SPECIAL TESTS. Urine with pus cells and red cells, but no bacteria on standard culture (unless there is secondary infection), is strongly suggestive.

A 24-hour urine, or an early morning urine specimen (after a period of dehydration), may show AAFB in a stained film. Repeat the examination 3 times. This needs little equipment, but it does require considerable skill, and much time. So you will probably have to rely on finding pus cells and red cells only. If possible, culture his urine for AAFB.

If you are in an endemic area and routine examination shows no ova of Schistosoma haematobium, examine the deposit from a specimen passed at midday (the time when most ova are passed) on 3 consecutive days.

He is usually anaemic, and his sedimentation rate is raised.

CYSTOSCOPY (23.3), will confirm the diagnosis, show the degree of involvement of his bladder, and exclude schistosomiasis.

X-RAYS. Look for the outline of an enlarged kidney, calcification, and obliteration of his psoas shadow.

An IVU will only be positive if disease is advanced. Look for ''moth-eaten calyces', and dilatation of his renal pelvis, and ureter. If it is very advanced, his kidney will not be functioning.

DIFFERENTIAL DIAGNOSIS. In endemic areas schistosomiasis haematobium is the main one, and is much the most common cause of pain on micturition with pus cells and red cells in the urine, compared with urinary tuberculosis, which is uncommon or rare.

Suggesting schistosomiasis[md](1) small 3 to 5 mm nodules in his epididymis, nearly always in the tail. (2) Calcification of his bladder wall, as shown by a line in the shape of his bladder, which collapses after micturition. (3) Do a cystoscopy before an IVU, which is much more expensive. (4) The special test above.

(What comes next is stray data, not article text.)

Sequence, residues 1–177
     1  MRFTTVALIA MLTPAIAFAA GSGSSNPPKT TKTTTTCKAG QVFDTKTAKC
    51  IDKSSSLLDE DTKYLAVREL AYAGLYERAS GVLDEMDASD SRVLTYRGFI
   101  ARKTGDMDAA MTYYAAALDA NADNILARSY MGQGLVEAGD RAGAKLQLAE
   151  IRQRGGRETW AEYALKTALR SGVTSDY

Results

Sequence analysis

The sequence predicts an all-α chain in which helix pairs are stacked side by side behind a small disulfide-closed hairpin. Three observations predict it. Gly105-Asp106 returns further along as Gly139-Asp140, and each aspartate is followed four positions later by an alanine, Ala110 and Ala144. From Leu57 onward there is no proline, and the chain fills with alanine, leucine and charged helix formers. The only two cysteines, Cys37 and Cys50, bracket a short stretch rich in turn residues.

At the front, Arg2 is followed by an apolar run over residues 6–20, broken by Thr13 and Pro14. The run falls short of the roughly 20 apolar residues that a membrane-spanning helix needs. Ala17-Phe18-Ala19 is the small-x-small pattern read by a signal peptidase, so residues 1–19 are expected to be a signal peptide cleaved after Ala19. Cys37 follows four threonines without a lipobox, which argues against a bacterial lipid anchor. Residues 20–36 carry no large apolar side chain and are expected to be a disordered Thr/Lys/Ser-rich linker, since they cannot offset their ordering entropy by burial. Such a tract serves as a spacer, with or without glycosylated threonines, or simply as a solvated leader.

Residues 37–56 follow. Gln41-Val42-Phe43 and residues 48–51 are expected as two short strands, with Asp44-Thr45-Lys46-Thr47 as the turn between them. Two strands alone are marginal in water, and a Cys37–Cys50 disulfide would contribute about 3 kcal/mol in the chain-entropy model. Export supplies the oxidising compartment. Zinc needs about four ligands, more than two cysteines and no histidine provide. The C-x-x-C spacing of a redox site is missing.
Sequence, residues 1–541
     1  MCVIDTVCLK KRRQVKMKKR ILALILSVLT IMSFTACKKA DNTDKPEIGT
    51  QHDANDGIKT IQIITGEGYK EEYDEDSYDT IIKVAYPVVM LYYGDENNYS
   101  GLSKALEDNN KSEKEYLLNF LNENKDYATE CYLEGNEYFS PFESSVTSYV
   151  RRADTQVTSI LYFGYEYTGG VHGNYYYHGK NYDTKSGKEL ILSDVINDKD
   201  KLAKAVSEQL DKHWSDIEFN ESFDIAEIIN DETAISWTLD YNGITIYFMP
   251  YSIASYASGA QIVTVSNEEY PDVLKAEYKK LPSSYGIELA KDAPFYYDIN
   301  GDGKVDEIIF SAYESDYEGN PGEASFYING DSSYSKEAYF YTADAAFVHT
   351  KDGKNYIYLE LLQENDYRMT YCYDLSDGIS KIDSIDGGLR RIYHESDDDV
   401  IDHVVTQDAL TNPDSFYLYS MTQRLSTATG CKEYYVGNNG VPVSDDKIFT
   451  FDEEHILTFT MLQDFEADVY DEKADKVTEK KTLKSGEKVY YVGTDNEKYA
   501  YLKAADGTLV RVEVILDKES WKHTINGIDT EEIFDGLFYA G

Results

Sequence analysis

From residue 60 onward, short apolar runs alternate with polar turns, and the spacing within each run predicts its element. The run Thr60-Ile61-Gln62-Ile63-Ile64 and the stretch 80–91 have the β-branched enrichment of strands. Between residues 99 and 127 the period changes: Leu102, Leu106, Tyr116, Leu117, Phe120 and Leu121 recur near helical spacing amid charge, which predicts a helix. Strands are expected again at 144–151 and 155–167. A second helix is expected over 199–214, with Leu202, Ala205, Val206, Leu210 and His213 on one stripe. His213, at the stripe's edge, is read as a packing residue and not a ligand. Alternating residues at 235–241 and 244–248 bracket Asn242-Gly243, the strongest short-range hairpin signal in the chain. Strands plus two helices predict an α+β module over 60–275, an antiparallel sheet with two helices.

TREATMENT [s7]OF RENAL TUBERCULOSIS Treat him as an outpatient, with the standard tuberculosis chemotherapy (29.1). If his renal function is impaired, avoid streptomycin, or ethambutol, or give them intermittently. Rifampicin, INAH, and pyrazinamide are safe. Ask him to return every 2 months for regular assessment, including the examination of his urine, and a further supply of drugs.

If he relapses, and you think that he has not taken his drugs faithfully, consider changing to a regime using second-line drugs.

INDICATIONS FOR SURGERY. Operations for renal tuberculosis are beyond the scope of this manual. Refer him.

If his IVU shows no function, or has a moth-eaten appearance, with flecks of calcium, refer him for nephrectomy. Hypertension is an additional reason. If he is toxic and febrile, suggesting that he has a pyonephrosis, or a perinephric abscess, this is urgent. Otherwise, give him 6 weeks of chemotherapy first, to improve his condition for surgery.

If he has a ureteric stricture, refer him for urological investigation before starting chemotherapy. If you cannot refer him, all you can do is to give him chemotherapy. In endemic areas, schistosomiasis is a commoner cause of a stricture.

If he still has extreme frequency and dysuria, after 3 to 6 months of chemotherapy, suspect that he has a small contracted bladder. Confirm this by cystoscopy and a cystogram. Surgery may be possible.